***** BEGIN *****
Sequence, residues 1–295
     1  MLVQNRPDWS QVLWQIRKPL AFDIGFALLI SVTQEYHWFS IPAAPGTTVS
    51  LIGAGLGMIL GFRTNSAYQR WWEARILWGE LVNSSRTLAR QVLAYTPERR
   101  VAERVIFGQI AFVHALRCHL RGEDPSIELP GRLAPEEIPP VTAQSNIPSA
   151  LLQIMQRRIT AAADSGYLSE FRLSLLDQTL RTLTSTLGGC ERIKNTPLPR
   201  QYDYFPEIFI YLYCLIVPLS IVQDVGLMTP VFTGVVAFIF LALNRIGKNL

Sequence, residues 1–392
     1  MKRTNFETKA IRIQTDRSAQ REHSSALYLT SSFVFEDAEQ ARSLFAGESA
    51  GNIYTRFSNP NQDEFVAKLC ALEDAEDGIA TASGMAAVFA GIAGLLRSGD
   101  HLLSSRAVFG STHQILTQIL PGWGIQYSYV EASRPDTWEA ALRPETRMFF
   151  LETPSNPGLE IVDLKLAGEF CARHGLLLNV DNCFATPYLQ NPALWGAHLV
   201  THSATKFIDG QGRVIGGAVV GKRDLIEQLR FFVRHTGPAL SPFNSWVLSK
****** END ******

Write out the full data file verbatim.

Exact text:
Sequence, residues 1–295
     1  MLVQNRPDWS QVLWQIRKPL AFDIGFALLI SVTQEYHWFS IPAAPGTTVS
    51  LIGAGLGMIL GFRTNSAYQR WWEARILWGE LVNSSRTLAR QVLAYTPERR
   101  VAERVIFGQI AFVHALRCHL RGEDPSIELP GRLAPEEIPP VTAQSNIPSA
   151  LLQIMQRRIT AAADSGYLSE FRLSLLDQTL RTLTSTLGGC ERIKNTPLPR
   201  QYDYFPEIFI YLYCLIVPLS IVQDVGLMTP VFTGVVAFIF LALNRIGKNL

Sequence, residues 1–392
     1  MKRTNFETKA IRIQTDRSAQ REHSSALYLT SSFVFEDAEQ ARSLFAGESA
    51  GNIYTRFSNP NQDEFVAKLC ALEDAEDGIA TASGMAAVFA GIAGLLRSGD
   101  HLLSSRAVFG STHQILTQIL PGWGIQYSYV EASRPDTWEA ALRPETRMFF
   151  LETPSNPGLE IVDLKLAGEF CARHGLLLNV DNCFATPYLQ NPALWGAHLV
   201  THSATKFIDG QGRVIGGAVV GKRDLIEQLR FFVRHTGPAL SPFNSWVLSK